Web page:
How to Play Bullish Soybean Meal Seasonals, without Excessive Risk

03/21/2018 11:12 am EST


Carley Garner

Senior Commodity Market Strategist and Broker, DeCarley Trading

Soybean meal futures generally move higher in spring, a covered call strategy offers traders a relatively low-risk, low-margin, and well-hedged method of bullish speculation, says Carley Garner, senior strategist for DeCarleyTrading.

Now that the froth has been taken out of the grain markets, there are probably some good buying opportunities.  We particularly like soybean meal (CBOT:ZM) which is near technical support and offers traders a lower-risk alternative to the soybean market. 

In our view, the downside should be limited to about $360 in the July contract.  However, we cannot rule out a quick gap refill into the $340s. Thus, we like the idea of a well-hedged venture.

Specifically, we like the idea of going long the July soybean meal futures contract near $363 and then selling a $360 call for about 17.7 (or $1,770). We also like the idea of purchasing the May (not July) $340 put as catastrophic insurance. This option would provide a nice hedge should the market opt to fill the February gap before moving higher.


In short, this strategy enables traders plenty of room for error while also offering the benefits of time value erosion.  This is because if soybean meal futures trade sideways, the $360 call will lose value over time returning a profit to the trader as long as the price of meal doesn’t fall below the breakeven point (roughly $345).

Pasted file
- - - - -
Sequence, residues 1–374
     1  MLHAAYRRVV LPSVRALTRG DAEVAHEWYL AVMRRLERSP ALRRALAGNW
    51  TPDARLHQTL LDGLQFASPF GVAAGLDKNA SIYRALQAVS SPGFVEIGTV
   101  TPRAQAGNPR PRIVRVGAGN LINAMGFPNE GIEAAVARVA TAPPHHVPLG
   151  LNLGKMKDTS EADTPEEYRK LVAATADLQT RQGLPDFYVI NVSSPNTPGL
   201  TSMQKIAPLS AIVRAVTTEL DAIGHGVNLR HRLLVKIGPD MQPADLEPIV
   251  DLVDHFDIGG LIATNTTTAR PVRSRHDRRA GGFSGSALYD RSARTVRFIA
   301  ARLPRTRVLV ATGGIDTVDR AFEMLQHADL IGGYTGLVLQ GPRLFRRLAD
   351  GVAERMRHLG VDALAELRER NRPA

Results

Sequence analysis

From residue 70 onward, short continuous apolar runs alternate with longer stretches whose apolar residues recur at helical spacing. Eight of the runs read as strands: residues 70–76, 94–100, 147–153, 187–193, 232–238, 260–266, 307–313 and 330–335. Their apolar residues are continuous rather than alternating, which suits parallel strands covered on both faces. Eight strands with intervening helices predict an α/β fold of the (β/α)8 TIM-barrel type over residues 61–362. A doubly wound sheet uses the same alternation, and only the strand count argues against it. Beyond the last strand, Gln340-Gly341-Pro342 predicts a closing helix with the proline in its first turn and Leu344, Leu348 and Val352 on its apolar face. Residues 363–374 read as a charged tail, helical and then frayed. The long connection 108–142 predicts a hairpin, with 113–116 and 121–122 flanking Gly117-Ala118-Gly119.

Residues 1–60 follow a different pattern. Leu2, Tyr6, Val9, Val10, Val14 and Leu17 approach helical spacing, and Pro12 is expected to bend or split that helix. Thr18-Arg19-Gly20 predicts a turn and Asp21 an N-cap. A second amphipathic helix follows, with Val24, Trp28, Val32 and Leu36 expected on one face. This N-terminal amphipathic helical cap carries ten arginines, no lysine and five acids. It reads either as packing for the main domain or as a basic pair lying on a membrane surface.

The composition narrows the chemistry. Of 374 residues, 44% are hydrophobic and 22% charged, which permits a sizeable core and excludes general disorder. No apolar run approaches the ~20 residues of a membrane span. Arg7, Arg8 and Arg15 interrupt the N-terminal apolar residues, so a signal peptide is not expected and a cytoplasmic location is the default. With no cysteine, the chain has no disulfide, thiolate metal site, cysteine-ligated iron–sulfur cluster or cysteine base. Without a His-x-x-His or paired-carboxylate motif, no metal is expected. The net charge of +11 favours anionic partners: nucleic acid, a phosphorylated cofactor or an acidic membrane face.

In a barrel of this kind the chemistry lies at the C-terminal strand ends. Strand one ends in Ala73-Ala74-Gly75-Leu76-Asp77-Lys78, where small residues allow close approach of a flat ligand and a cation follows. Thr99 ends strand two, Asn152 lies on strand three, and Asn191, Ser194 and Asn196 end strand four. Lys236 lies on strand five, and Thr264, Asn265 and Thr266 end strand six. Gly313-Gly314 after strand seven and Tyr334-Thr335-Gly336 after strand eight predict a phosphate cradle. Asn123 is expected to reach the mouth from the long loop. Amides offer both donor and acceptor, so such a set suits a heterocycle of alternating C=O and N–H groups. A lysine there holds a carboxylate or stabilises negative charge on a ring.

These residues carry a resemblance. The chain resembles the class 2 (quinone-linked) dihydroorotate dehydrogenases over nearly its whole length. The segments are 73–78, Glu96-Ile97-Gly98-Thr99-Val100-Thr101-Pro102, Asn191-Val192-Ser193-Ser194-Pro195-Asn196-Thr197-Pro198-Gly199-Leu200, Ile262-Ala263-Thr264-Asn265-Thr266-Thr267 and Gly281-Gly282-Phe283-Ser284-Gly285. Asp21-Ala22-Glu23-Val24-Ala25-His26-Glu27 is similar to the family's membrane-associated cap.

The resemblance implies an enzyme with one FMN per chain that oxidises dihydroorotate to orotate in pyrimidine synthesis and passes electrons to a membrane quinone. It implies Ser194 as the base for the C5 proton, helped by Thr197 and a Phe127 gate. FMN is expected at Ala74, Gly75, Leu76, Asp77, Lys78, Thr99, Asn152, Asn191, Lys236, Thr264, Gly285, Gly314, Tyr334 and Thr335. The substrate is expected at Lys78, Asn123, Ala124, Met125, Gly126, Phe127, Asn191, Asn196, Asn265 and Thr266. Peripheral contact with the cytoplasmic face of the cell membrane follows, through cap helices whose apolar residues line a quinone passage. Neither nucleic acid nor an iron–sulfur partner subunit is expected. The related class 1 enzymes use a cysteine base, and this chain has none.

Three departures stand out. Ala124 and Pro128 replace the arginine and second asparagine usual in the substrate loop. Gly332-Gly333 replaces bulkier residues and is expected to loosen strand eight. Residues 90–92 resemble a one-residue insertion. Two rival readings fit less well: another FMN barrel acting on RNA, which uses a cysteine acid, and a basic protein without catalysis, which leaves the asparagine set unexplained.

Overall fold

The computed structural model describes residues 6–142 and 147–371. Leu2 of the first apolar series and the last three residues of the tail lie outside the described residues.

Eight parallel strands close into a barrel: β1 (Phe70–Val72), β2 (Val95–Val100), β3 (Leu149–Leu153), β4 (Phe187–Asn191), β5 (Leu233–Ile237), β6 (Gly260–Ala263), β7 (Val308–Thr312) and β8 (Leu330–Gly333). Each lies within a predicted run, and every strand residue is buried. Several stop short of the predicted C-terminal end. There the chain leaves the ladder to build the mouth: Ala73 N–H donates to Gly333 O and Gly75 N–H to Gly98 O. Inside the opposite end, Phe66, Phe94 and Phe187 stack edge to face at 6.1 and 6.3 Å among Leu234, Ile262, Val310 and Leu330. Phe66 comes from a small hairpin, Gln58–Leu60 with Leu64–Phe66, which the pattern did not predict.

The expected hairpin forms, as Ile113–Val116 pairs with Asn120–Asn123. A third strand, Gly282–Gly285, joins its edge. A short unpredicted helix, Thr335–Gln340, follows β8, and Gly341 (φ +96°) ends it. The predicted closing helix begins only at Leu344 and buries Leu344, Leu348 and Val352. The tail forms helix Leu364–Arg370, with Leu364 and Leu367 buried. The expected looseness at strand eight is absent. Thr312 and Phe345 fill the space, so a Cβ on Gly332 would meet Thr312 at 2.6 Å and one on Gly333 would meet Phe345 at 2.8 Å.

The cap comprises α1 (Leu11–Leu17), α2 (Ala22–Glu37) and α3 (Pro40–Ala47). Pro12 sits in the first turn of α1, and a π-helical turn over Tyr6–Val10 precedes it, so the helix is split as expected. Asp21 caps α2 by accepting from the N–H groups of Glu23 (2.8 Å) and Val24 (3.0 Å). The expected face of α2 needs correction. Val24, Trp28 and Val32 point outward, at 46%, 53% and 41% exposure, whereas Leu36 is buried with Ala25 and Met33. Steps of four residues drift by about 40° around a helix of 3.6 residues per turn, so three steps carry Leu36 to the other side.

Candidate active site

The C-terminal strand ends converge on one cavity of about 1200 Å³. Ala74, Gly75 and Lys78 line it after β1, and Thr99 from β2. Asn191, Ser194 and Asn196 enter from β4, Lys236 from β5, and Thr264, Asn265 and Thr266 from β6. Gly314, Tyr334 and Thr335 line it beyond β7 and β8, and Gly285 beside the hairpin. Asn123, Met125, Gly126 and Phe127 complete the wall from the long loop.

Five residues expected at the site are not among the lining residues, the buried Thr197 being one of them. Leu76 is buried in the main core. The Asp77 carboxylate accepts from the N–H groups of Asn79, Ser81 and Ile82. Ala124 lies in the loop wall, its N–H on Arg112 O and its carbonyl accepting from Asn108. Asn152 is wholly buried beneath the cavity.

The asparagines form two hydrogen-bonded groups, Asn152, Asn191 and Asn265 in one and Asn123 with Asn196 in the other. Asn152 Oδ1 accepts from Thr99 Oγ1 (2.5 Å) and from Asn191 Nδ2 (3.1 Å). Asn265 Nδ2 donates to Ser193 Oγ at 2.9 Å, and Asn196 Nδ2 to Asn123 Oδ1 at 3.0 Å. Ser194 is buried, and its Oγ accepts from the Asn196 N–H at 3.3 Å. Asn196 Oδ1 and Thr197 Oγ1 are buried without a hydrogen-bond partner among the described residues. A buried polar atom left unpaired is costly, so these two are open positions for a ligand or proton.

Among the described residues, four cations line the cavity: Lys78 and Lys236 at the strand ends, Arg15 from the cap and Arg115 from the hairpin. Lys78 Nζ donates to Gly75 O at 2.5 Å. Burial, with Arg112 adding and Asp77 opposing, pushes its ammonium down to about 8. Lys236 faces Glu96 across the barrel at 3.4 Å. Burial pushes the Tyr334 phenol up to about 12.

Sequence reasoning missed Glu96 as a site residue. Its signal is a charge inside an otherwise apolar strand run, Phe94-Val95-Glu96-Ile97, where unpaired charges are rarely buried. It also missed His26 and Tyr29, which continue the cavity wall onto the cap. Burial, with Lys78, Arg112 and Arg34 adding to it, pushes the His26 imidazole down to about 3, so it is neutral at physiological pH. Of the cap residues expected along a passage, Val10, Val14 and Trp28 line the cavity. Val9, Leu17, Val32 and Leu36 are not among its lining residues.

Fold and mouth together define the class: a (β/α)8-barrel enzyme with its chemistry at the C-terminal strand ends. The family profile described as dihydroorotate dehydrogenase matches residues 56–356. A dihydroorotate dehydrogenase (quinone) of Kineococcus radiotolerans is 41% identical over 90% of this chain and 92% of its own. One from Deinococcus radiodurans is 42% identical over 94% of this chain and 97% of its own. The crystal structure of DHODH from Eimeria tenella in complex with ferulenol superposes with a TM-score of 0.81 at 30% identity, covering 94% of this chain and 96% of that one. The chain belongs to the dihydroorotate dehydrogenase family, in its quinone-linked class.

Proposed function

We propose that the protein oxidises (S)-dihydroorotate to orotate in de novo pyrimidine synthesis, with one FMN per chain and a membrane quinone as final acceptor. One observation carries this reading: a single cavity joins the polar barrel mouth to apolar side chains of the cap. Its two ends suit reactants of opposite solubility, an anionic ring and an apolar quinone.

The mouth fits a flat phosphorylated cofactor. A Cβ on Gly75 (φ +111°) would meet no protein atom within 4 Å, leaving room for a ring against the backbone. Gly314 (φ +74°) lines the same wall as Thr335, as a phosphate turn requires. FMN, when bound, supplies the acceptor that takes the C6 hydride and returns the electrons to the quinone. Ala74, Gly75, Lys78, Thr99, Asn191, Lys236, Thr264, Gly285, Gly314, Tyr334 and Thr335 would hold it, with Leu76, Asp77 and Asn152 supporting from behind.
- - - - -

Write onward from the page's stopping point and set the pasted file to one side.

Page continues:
The maximum profit potential is roughly $1,200 before transaction costs.  This is true regardless of how high soybean meal might go.  However, this profit potential exists even if the price of soybean meal is at $360 at expiration.  In other words, this strategy yields the maximum profit at expiration if the directional bias is simply not wrong; being right isn’t necessary. 

The total risk cannot be quantified accurately because there are options with differing expiration months.  However, if the market falls below 340 at expiration the trade would likely be underwater by roughly $1,000 (depending on time and volatility it might be moderately more, or less).  Once the May put option expires, the break-even point at July expiration is roughly $345. If the price of meal is at that level or higher, the trade pays off something, but beneath that price, the trade faces theoretically unlimited risk.

The margin on this trade is less than $500 ($471 to be exact), and the delta of the trade is approximately .30.  This means that for every 1.00 meal futures move, this position as a whole will move a third of that.  Thus, those looking to play the upside in soybeans might look to establish a spread position in the slower moving meal market instead.  Doing so lowers the risk and the stress involved in the venture while increasing the probability of success.


There is a substantial risk of loss in trading commodity futures, options, ETFs.  Seasonal tendencies are already priced into market values.

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